3 Questions with Matthias Pliessnig
Sculptor and furniture maker Matthias Pliessnig on sacrifice, experimentation, and the Internet.
3 QUESTIONS is a series of brief, three-question interviews with PNCA’s visiting artists and lecturers. Each year, PNCA attracts innovative, thoughtful, and creative makers and thinkers who share our belief in the transformative power of creativity. In three short answers to three short questions, these artists offer perspectives on career, motivation, and transformation. When available, we include links to audio recordings, transcripts, slideshows, or video.
“There’s no sense in counting the hours in the beginning.”
What advice would you offer current students about to embark on a career in the arts?
First, you can never work hard enough and there’s no sense in counting the hours in the beginning. I think that if you want to have a serious career in the arts, sacrifices have to be made in your lifestyle. This sounds harsh, but I’ve found it to be true with fellow artists.
Second, it’s never been easier and cheaper to promote yourself. The Internet is an incredible tool, which can be taken for granted. It’s also important to learn how to use a camera in manual mode — documenting your own work is very important. The Internet is flooded with images of art and design; yours has to stand out. It has to be either an interesting shot, or strong work — hopefully both.
Last, learn about how the business end works.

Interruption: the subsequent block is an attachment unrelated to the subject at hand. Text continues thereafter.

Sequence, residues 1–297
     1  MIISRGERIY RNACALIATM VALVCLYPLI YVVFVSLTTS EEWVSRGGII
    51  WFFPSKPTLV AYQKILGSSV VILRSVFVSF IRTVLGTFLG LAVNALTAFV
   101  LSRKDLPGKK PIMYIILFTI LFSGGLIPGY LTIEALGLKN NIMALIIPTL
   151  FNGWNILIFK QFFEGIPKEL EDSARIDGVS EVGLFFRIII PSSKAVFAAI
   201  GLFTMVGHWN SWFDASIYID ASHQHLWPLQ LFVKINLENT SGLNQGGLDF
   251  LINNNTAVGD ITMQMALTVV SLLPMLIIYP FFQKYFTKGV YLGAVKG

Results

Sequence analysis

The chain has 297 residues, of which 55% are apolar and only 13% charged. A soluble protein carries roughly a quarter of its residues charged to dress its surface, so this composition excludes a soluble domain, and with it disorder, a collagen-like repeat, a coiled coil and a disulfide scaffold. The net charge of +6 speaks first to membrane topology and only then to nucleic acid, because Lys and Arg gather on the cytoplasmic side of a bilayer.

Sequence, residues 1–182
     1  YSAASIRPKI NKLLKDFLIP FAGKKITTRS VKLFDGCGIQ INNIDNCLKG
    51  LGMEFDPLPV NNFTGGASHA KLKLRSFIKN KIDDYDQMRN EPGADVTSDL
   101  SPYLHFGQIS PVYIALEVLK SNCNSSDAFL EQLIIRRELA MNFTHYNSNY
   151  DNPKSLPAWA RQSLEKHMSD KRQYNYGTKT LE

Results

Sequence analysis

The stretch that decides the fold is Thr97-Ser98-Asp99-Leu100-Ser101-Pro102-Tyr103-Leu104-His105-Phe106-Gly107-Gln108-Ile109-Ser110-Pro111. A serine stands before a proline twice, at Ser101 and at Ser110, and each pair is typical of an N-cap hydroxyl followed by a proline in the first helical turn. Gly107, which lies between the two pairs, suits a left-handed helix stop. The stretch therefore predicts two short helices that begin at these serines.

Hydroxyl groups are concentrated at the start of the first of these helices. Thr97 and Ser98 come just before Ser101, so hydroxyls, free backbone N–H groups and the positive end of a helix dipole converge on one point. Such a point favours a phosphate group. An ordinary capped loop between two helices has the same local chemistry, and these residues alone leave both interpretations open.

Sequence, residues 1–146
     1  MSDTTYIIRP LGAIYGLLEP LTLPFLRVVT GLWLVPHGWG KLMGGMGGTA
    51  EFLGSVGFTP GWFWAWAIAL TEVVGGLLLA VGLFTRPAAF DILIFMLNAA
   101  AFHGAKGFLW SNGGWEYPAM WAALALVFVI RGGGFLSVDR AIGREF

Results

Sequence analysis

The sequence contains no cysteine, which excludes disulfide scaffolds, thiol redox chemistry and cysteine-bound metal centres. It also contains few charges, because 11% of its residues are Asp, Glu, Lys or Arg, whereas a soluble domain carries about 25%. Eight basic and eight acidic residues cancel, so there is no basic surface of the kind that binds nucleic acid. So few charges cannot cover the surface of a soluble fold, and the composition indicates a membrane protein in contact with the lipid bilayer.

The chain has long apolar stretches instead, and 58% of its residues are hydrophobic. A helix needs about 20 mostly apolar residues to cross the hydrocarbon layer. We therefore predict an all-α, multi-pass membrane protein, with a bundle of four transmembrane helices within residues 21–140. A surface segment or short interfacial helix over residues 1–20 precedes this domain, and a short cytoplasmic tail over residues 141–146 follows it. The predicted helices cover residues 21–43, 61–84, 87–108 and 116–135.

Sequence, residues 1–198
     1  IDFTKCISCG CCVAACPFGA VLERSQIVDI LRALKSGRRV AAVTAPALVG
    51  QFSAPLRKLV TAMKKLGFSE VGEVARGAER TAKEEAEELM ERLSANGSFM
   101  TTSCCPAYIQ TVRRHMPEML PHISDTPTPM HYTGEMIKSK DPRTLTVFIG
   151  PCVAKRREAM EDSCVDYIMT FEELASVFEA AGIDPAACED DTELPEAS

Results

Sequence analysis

How do you maintain your creative practice? What keeps you motivated and engaged?
I am always challenging myself and the materials I work with. This keeps things energized and exciting for me. I spend every day in my studio working on commissions, however I always have at least a few side projects of my own that are playful. For instance, building a miniature boat for my dog, which he will probably never use.
Could you describe a moment or experience that profoundly changed the nature of your work?
In 2006, I was halfway through grad school and materials were loosing my curiosity. An engineering student came into the woodshop and asked if I could cut a couple dozen extra long wood strips for him. I asked him what he was building, and he replied by unrolling plans for a small ultra light sailboat made of steam bent White Oak. The plans were gorgeous and I’ve always admired the function and beauty of boats. I got the information from him and bought my own plans. The next day I began building and learning the process of steam bending wood. I went completely into adrenaline mode from there. In 1.5 years, I built 26 large pieces and still maintained a social life.
Matthias Pliessnig‘s fluid, skeletal furniture forms are made using traditional steam-bending techniques with oak. His interest specifically with bending wood first developed in 2006 after making a boat. As a sculptor and woodworker his training developed during his studies at Kansas City Art Institute, earning a BFA in sculpture, at Rhode Island School of Design earning a BFA in furniture design and at the University of Wisconsin Madison, completing his MFA in wood and art in 2009. Pliessnig has received national attention for his work and is considered one of the top artists/designers working with wood today. In 2008, he received a grant for his MFA project from the Joan Mitchell Foundation; in the same year he was given the Best of the Year Award for lounge seating by Interior Design Magazine. In 2009, his work was purchased by the Museum of Art and Design’s permanent collection and he received a grant from the Louis Comfort Tiffany Foundation. In 2010, he was awarded one of the most prestigious artist awards given today from United States Artists. Most recently, the Smithsonian and Renwick Gallery chose eight pieces of his work to be included in the prestigious Renwick Craft Invitational. Pliessnig was one of four artists selected who represent the forefront of contemporary craft and design.